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Bible: What Does 2 Samuel 4-6 Teach Us About Justice, Holiness, and Worship?

Updated on September 15, 2016

Baanah and Rechab Murder Ishbosheth


Political Assassinations

Abner's murder sends tremors throughout Israel (v. 1). Two of Saul's captains, Baanah and Rechab, Beerothites by birth, play a significant, though very brief, role in the nation’s future (vv. 2-3).

[The author then introduces Mephibosheth: the son of Saul who became lame at age five [v. 4]. He does not mention him again until chapter nine.]

While Ishbosheth naps, Baanah and Rechab clandestinely enter his bedroom, assassinate and behead him, and then escape to Hebron, carrying the bloody member with them to David (vv. 5-8).

Recalling how he treated the Amalekite who, claiming to have killed Saul, expected a bountiful reward (see 2 Sam. 1: 1-16), David metes out the same punishment in this case.

Not only do Baanah and Rechab suffer execution, but also dismemberment and public hanging.

On the other hand, righteous Ishbosheth receives a proper burial (that is, at least his head does!) [vv. 9-12].

King David


John MacArthur: Pastor/Teacher

2 Samuel 5

With Saul's house all but vanquished, the tribes of Israel now turn wholly to David and claim him as their own; the people and elders recognize him not only as their military hero, but also as their anointed king (vv. 1-3).

(The author then summarizes David's forty-year career as king—a term he served partly in Hebron, but mostly in Jerusalem [vv. 4-5]).

Facing the arrogant Jebusites, who think their position in Jerusalem impregnable, David offers a captaincy to any man who defeats them (vv. 6-8).

Once victorious, the king possesses the city and the stronghold, and fortifies it even more (v. 9). David becomes a great king because God is with him (v. 10).

Tyrians build him a fabulous house (v. 11), and David rightly acknowledges that all credit for his ascension to the throne belongs with Yahweh (v. 12).

Last, the author mentions that the king fathers even more children upon more concubines and wives (vv. 13-16).

[Is this an incongruous lifestyle, or am I just thinking too much like a Western Christian?]

Once again the Philistines enter the picture, challenging David in the Valley of Rephaim (vv. 17-18).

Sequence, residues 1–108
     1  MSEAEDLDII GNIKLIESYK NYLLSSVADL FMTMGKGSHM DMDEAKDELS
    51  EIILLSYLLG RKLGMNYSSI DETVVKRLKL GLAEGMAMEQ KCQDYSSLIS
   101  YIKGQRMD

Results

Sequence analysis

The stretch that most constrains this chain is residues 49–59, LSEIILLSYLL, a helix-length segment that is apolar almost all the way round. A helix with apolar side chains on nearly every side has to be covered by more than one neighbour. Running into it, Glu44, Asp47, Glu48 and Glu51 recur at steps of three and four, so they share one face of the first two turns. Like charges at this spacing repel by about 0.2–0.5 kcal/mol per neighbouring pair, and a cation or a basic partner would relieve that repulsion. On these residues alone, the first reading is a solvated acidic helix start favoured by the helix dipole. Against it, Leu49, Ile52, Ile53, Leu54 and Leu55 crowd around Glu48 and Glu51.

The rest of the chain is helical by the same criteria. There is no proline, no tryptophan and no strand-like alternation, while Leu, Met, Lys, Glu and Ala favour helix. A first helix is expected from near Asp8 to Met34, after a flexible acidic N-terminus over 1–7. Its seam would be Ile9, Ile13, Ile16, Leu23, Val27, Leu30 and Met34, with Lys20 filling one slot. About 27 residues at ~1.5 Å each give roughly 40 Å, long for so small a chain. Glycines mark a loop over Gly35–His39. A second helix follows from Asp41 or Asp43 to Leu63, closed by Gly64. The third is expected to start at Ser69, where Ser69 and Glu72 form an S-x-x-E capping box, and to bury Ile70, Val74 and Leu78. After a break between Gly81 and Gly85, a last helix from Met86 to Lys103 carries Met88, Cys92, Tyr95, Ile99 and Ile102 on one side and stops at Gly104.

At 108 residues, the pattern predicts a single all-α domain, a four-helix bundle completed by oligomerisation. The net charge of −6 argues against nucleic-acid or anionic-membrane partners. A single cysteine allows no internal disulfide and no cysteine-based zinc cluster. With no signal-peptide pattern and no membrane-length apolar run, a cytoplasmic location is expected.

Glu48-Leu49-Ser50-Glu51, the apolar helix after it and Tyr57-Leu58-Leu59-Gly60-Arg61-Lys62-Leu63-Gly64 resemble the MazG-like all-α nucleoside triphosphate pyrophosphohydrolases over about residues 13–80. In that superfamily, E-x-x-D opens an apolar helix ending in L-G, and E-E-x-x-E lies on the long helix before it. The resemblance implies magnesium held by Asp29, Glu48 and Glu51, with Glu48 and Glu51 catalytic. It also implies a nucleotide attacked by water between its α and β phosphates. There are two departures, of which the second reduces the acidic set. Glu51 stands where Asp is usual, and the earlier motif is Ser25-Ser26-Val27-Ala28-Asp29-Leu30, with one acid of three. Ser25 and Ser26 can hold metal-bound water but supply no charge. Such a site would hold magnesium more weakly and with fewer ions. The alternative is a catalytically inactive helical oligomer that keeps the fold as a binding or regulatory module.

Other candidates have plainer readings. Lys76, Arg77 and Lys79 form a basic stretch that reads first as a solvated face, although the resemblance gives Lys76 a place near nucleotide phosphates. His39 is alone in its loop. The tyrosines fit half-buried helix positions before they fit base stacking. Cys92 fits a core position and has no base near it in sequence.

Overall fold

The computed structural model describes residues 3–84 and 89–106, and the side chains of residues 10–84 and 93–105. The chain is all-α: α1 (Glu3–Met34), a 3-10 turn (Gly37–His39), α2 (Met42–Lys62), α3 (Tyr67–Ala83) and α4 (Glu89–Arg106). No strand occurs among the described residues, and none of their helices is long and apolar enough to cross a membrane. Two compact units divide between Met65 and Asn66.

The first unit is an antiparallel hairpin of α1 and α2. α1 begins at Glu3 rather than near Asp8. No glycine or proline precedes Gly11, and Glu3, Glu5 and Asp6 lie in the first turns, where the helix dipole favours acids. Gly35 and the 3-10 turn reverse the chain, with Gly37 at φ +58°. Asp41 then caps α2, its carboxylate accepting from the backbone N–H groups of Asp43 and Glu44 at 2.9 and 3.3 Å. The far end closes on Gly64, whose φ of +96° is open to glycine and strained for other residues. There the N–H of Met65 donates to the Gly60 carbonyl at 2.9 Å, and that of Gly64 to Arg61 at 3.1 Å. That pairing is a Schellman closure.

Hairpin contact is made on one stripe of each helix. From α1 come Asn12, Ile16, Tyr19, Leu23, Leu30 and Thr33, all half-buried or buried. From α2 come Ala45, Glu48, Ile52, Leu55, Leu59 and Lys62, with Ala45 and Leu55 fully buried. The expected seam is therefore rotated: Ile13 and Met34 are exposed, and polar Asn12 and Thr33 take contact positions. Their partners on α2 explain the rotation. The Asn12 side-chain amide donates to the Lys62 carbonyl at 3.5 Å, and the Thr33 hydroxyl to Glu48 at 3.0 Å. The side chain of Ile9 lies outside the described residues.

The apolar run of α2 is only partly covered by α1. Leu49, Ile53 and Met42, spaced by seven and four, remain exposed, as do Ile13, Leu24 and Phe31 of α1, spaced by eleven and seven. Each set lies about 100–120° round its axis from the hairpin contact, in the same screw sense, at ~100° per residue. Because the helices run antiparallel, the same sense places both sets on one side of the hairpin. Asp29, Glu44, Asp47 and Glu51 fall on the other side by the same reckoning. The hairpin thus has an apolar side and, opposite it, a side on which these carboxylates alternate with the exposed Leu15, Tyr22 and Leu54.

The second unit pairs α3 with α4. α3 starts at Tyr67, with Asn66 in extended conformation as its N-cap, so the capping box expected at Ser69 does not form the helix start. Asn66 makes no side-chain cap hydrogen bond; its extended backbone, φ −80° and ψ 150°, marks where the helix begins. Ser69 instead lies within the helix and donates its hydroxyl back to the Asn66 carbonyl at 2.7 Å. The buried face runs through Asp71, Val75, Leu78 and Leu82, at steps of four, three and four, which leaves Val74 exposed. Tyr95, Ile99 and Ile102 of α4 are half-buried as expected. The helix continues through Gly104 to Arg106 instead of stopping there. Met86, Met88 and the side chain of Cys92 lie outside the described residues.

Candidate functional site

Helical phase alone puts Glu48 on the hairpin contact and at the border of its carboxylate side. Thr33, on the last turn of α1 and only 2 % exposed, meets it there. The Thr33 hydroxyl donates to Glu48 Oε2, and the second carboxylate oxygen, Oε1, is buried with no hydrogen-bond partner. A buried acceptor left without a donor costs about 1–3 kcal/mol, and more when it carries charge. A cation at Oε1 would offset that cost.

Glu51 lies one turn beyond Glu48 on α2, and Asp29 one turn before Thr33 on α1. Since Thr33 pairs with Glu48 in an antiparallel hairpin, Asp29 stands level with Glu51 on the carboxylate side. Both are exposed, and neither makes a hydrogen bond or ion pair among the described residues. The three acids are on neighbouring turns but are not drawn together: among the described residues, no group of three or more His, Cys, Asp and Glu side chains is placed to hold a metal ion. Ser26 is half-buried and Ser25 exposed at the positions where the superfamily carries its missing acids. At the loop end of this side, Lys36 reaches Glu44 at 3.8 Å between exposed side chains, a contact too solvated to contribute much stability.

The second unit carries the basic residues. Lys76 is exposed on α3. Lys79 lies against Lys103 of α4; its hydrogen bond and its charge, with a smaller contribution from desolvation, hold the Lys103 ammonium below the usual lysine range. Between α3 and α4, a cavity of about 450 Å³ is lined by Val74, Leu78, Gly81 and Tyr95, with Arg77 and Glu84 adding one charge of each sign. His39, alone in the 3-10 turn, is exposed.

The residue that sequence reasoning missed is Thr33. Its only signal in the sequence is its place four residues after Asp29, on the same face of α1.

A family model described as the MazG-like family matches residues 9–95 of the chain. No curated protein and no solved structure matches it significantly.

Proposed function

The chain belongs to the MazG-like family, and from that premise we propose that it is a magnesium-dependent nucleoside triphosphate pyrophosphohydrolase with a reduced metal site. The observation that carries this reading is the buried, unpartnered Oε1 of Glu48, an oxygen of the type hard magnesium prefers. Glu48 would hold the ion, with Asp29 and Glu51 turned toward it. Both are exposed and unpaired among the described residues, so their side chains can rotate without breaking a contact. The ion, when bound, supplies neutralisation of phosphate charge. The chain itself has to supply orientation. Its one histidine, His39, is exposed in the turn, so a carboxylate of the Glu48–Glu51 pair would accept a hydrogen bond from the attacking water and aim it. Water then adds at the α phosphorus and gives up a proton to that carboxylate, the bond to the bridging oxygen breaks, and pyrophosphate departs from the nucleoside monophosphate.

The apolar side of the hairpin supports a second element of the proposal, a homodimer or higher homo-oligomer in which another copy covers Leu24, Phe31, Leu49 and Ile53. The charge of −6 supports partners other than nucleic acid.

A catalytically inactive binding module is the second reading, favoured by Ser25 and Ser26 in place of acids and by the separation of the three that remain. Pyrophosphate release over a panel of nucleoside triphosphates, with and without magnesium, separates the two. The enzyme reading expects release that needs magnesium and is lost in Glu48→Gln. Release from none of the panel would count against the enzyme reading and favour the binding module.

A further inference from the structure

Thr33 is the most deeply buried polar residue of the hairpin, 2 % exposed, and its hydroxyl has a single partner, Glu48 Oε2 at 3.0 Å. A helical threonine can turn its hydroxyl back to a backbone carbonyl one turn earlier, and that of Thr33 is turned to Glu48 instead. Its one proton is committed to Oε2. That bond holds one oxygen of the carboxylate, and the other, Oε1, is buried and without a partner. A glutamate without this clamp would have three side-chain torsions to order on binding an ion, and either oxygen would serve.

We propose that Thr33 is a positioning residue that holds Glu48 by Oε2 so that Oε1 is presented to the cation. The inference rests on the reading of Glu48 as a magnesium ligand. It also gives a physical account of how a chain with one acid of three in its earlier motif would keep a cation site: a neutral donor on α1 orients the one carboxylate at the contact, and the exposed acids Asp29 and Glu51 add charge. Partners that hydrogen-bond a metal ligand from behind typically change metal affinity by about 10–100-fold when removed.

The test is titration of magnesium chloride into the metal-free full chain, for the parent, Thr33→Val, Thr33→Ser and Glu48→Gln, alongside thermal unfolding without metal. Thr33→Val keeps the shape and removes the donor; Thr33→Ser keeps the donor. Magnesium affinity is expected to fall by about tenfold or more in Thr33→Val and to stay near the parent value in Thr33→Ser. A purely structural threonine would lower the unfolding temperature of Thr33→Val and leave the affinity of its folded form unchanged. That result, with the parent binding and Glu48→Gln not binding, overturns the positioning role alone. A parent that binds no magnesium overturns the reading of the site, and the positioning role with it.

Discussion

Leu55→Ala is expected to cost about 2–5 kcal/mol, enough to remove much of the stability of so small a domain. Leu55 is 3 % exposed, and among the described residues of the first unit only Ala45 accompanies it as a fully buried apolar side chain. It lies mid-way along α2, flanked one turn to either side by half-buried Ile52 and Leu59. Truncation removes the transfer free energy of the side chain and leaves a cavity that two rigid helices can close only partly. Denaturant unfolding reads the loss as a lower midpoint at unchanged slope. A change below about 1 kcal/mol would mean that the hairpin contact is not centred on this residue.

Having received divine permission to defeat them, the king wins yet another battle at Baal Perazim (lit. master of breakthroughs), and confiscates their idols [vv. 19-21; cf. 2:1].

Soon thereafter, thinking that this time they may outfox David, the Philistines assemble in the Valley again (v. 22).

When the king inquires of Yahweh, He provides him with a different strategy—a less straightforward one—that requires careful listening and aims at surprise (vv. 23-24).

David obeys the command, and God enables Israel to drive his enemy back a great distance (v. 25).

Uzzah and the Ark of the Covenant


Temporary Host of the Ark

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2 Samuel 6

Thirty thousand troops accompany the king to Baale Judah to bring the Ark of the Covenant to Jerusalem, the city of David (vv. 1-2).

[Notice the high esteem in which the writer holds God (see 1 Sam. 4:4 for another such designation)].

The ark proceeds from Abinadab's house on an oxen-driven cart; Uzzah and Ahio lead it while David conducts the music behind (vv. 3-5).

Sadly, tragedy interrupts the celebration. When the beasts stumble on a threshing floor, and Uzzah grasps the ark to prevent its fall, Yahweh strikes him dead on the spot (vv. 6-7).

David's immediate reaction (anger) turns to a more considered judgment (fear) [vv. 8-9].

Consequently, the king decides to take the ark to the house of Obed-Edom instead of to Jerusalem; because of this move,

God blesses the Gittite for three months (vv. 10-11; cf. 1 Chron. 13).



The Tabernacle


After hearing about such bounty, David brings the ark to Jerusalem with great joy (v. 12).

Before they travel very far with it, however, they make sacrifices and worship the LORD for His goodness (vv. 13-15).

[In the Law, God gave Israel specific instructions about how men should carry the ark by poles thrust through rings (cf. Ex. 25:12-15).

How they handled it the first time violated that law, but now the text states that men bore it (v. 13).

1 Chronicles 15:13-15 provides David's explanation for why God "broke out" against them].

While David is bringing the ark toward the tabernacle (where he proceeds to offer sacrifices and give generous gifts to the people) [vv. 17-19], he worships the LORD with such exuberance and freedom—dancing and whirling while wearing (apparently) only a linen ephod—that he embarrasses Michal (v. 16).

When he returns home, she does not hesitate to try to shame him for his conduct, thinking that he had uncovered himself before the maids (v. 20).

David meekly explains his behavior as humble worship before the LORD, for which these maids will respect him (vv. 21-22).

As the result of her hatred, Michal becomes barren (v. 23).

© 2013 glynch1


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